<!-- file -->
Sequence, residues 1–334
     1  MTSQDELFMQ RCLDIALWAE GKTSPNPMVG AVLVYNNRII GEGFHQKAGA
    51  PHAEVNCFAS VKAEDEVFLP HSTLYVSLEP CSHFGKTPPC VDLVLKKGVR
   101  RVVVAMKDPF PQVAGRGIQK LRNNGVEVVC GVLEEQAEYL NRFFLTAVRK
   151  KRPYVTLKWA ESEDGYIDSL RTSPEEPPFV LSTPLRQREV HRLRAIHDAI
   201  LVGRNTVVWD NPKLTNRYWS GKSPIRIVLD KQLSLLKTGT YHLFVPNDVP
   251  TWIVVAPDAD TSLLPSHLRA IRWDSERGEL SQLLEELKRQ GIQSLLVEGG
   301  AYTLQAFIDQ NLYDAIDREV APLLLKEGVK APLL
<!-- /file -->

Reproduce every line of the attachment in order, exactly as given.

Sequence, residues 1–334
     1  MTSQDELFMQ RCLDIALWAE GKTSPNPMVG AVLVYNNRII GEGFHQKAGA
    51  PHAEVNCFAS VKAEDEVFLP HSTLYVSLEP CSHFGKTPPC VDLVLKKGVR
   101  RVVVAMKDPF PQVAGRGIQK LRNNGVEVVC GVLEEQAEYL NRFFLTAVRK
   151  KRPYVTLKWA ESEDGYIDSL RTSPEEPPFV LSTPLRQREV HRLRAIHDAI
   201  LVGRNTVVWD NPKLTNRYWS GKSPIRIVLD KQLSLLKTGT YHLFVPNDVP
   251  TWIVVAPDAD TSLLPSHLRA IRWDSERGEL SQLLEELKRQ GIQSLLVEGG
   301  AYTLQAFIDQ NLYDAIDREV APLLLKEGVK APLL